For example, if you have 20 touchpoints, each one will get 5% of the credit. It’s a bit basic, but it can be useful for certain circumstances and advertising models.
One of the good things about linear attribution is that it allows marketers to take the whole picture into account. However, it also doesn’t provide any differentiation between touchpoints.
This model is most similar to last-touch and last non-direct click attribution. Unlike linear attribution, which divvies up the credit equally, time decay attribution gives more credit to touchpoints that are closer to the conversion event.
Essentially, the closer the touchpoint is to the conversion, the higher its weight. Ultimately, the last touchpoint will get the most credit, and the first will get the least.
This model succeeds in helping marketers identify the touchpoints that led to conversion events more easily. However, it doesn’t provide any information about how the customer found the business in the first place, which is important to know.
This attribution scheme tries to find a compromise between first-touch and last-touch attribution. In short, it gives 40% to the first touchpoint, 40% to the last touchpoint, and then divides the remaining 20% between however many touch points came in between. So, if there were 20 touchpoints, each would get 1%.
In this model, marketers attempt to give the most weight to the first and last-touch points — theoretically, the first time the customer was introduced to the business and then the last ad before making a purchase.
Even once you’ve hammered out which attribution method you’d like to use, there are still mistakes that you might make and challenges you’ll come up against. Making these mistakes can compromise the integrity of your data and insights.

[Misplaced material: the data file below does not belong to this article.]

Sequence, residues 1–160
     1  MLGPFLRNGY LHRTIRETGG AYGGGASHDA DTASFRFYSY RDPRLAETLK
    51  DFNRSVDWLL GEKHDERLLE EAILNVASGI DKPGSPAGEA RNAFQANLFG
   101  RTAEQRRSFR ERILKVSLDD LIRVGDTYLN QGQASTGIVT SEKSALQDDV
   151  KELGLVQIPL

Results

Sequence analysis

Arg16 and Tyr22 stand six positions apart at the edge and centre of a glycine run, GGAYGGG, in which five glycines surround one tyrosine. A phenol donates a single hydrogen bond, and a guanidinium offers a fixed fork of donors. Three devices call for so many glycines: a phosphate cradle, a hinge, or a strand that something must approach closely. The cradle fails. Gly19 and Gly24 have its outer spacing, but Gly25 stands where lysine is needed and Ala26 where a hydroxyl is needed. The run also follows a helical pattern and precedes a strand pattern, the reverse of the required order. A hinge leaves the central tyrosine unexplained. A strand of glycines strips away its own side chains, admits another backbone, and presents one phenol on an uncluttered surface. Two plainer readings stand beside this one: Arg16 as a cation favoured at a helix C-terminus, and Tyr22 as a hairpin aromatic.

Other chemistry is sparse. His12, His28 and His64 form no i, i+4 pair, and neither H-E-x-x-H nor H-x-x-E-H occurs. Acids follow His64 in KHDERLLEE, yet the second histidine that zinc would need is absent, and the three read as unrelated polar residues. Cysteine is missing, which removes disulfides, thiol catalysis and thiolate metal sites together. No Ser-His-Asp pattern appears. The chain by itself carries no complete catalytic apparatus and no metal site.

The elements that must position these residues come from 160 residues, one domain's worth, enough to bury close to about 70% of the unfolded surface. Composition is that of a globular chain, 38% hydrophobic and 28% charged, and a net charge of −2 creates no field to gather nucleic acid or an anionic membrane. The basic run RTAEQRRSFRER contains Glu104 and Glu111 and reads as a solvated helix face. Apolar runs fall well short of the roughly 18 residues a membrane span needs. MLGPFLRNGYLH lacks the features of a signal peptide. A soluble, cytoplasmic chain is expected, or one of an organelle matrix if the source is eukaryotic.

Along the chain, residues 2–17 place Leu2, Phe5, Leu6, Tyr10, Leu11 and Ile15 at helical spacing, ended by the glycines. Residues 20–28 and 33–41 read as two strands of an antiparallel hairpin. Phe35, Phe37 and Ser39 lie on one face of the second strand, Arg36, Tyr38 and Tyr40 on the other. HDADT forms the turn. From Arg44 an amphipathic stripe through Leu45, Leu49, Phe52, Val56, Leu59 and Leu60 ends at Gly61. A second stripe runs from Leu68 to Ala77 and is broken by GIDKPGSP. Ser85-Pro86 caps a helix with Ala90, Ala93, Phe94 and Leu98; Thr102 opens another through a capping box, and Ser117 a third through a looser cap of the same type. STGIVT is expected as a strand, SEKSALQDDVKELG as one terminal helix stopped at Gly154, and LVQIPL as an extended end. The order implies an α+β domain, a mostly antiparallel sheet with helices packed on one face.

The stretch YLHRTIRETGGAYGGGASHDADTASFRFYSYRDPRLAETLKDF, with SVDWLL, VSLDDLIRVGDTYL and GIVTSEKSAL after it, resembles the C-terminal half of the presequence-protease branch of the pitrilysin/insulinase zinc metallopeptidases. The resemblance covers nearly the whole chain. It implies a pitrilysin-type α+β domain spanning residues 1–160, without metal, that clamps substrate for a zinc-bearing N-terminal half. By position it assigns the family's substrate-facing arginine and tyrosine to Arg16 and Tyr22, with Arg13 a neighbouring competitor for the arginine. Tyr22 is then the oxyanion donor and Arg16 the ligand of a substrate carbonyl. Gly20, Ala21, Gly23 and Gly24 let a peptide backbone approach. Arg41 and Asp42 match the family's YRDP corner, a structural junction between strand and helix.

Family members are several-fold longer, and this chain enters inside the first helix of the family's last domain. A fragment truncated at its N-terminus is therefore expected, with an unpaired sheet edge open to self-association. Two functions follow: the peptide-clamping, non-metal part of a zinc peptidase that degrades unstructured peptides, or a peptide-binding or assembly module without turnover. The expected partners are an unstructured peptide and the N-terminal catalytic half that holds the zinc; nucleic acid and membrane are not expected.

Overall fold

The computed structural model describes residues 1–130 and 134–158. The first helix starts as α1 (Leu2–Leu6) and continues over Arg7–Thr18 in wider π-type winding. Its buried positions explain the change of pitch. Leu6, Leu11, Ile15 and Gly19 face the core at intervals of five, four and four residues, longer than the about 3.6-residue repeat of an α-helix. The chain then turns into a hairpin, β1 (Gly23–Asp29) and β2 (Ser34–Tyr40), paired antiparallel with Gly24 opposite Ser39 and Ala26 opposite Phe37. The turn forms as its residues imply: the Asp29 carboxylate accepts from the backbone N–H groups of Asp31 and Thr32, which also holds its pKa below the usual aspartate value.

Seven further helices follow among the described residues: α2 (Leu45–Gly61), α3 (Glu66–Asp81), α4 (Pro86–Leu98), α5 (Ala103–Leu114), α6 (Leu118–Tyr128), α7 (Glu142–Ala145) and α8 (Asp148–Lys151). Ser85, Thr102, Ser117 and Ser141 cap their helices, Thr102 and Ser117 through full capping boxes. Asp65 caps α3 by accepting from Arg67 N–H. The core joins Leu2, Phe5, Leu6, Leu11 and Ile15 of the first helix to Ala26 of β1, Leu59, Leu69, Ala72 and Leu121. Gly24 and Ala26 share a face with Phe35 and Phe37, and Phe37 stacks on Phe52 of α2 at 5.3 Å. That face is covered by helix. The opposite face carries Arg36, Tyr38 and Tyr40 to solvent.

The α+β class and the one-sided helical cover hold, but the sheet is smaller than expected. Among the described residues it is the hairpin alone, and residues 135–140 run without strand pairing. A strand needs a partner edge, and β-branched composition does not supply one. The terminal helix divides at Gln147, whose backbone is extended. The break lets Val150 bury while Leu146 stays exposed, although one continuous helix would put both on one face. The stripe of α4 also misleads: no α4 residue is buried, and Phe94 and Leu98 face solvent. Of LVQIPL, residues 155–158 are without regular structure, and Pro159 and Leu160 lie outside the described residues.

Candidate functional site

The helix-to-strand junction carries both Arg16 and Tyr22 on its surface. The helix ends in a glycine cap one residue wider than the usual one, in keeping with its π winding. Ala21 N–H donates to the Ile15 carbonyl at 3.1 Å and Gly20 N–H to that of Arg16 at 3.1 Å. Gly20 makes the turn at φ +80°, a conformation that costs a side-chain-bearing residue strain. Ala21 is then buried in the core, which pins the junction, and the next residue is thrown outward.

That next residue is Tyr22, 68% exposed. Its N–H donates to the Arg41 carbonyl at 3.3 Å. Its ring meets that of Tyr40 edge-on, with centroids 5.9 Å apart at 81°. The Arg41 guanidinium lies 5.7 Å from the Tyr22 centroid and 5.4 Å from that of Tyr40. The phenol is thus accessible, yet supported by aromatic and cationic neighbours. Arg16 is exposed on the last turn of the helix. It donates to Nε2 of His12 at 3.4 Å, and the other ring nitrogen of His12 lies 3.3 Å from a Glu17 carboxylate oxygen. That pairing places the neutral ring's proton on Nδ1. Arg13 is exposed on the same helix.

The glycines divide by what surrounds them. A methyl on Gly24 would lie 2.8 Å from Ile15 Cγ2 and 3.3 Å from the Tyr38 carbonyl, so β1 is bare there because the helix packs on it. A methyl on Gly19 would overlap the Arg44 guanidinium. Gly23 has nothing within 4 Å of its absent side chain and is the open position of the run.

One of the pitfalls of marketing attribution is that it doesn’t properly take into account the value of a brand and how people react to it. When marketing is reduced solely to weighted touchpoints, it can be difficult to get the full picture.
If you’ve ever taken a science or math class, you’ve likely heard the phrase “causation is not correlation.” Despite being such a famous phrase, few people remember it when it matters.
In short, it means that you can’t infer that one thing caused another just because there is something seemingly linking the two together. When you are looking for patterns, your mind can sometimes start making them up, seeing them where there aren’t any, or favoring a specific result, which is where correlation-biased bias comes from.
Essentially, as you look through your data, it’s important not to get too carried away with what you’re seeing. Don’t assume that just because several people converted after seeing a specific ad that there must be a causal relationship. It’s possible there was merely a correlation and that the true cause was a different ad entirely.
In-market bias is problematic because it includes all the people who saw your ads but were going to convert anyway. For example, this could include someone who heard about your product from a friend, decided to buy it, and then just happened to scroll past your ad on Facebook before they had the chance to make a purchase.
Unfortunately, there’s no easy way to account for this, so you’ll need to keep it in mind as you analyze the data. Just remember that not 100% of the numbers that show up are going to be coming from your ads, and you should be fine.
Marketing attribution is important because it helps marketers keep track of which communications and campaigns are working. By understanding what leads customers to make purchases, you can extract valuable insights and dial in ever more efficient campaigns.
Understanding market attribution is both an art and a science. You’ll need to experiment with different types to find the best solution for your business.